“Recent reports about Mr. Icahn’s actions with respect to the Renewable Fuel Standard program have raised significant ethical and legal concerns, given his oil refinery business interests,” the lawmakers wrote. “The committee has a longstanding interest in ensuring that the Administration operates transparently and in compliance with all applicable conflict-of-interest regulations and policies.”

They continued: “These reports raise significant concerns regarding Mr. Icahn’s ability to advise President Trump impartially on regulatory matters that impact Mr. Icahn’s financial interests. This is especially troubling because, as an unpaid adviser, Mr. Icahn presumably has not undergone a review by the Office of Government Ethics and is not subject to conflict-of-interest regulations applicable to government employees.”

A group of Senate Democrats also have written to Pruitt asking EPA to turn over documents relating to the role Icahn has played in the development of federal biofuel policy.

The inquiry from Sens. Sheldon Whitehouse (D., R.I.), Elizabeth Warren (D., Mass.), Debbie Stabenow (D., Mich.), Jeff Merkley (D., Ore.) and Tammy Duckworth (D., Ill.) stems from Icahn telling ethanol industry officials in February that Trump would issue an executive order changing the point of obligation under the RFS -- a move that would ease requirements on refiners but was opposed by ethanol interests and EPA under the Obama Administration.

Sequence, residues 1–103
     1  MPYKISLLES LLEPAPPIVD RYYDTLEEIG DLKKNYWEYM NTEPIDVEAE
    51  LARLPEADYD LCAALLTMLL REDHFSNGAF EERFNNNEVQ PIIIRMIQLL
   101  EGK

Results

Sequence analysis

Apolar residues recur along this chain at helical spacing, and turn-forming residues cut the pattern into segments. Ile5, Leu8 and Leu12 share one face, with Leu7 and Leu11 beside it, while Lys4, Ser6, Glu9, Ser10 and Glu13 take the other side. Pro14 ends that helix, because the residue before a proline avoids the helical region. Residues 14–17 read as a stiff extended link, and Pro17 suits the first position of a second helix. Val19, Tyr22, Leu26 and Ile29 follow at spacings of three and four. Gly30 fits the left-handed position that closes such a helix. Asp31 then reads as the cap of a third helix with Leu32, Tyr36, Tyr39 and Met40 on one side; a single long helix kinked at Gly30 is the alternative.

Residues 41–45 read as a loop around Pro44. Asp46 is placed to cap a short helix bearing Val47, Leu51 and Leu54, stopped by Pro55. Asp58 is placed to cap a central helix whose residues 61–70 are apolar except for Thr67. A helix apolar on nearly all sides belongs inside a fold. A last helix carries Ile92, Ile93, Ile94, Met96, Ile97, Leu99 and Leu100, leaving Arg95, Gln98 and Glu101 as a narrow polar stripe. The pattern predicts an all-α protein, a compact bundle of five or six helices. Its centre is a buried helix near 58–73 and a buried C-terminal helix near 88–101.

The senators, who are seeking any communications between EPA and Icahn or CVR, had earlier this year called on the Commodity Futures Trading Commission (CFTC), to investigate what the lawmakers said was a possible conflict of interest.

However, Reuters reported that CFTC said it would not investigate Icahn because renewable identification numbers (RINs) are not traded on the futures market under the commission's jurisdiction. CFTC did note in a letter that it would pass along recommendations to EPA, which issues RINs, on ways to stem market manipulation.

About the Author(s)

Jacqui Fatka

Policy editor, Farm Futures

Jacqui Fatka grew up on a diversified livestock and grain farm in southwest Iowa and graduated from Iowa State University with a bachelor’s degree in journalism and mass communications, with a minor in agriculture education, in 2003. She’s been writing for agricultural audiences ever since. In college, she interned with Wallaces Farmer and cultivated her love of ag policy during an internship with the Iowa Pork Producers Association, working in Sen. Chuck Grassley’s Capitol Hill press office. In 2003, she started full time for Farm Progress companies’ state and regional publications as the e-content editor, and became Farm Futures’ policy editor in 2004. A few years later, she began covering grain and biofuels markets for the weekly newspaper Feedstuffs. As the current policy editor for Farm Progress, she covers the ongoing developments in ag policy, trade, regulations and court rulings. Fatka also serves as the interim executive secretary-treasurer for the North American Agricultural Journalists. She lives on a small acreage in central Ohio with her husband and three children.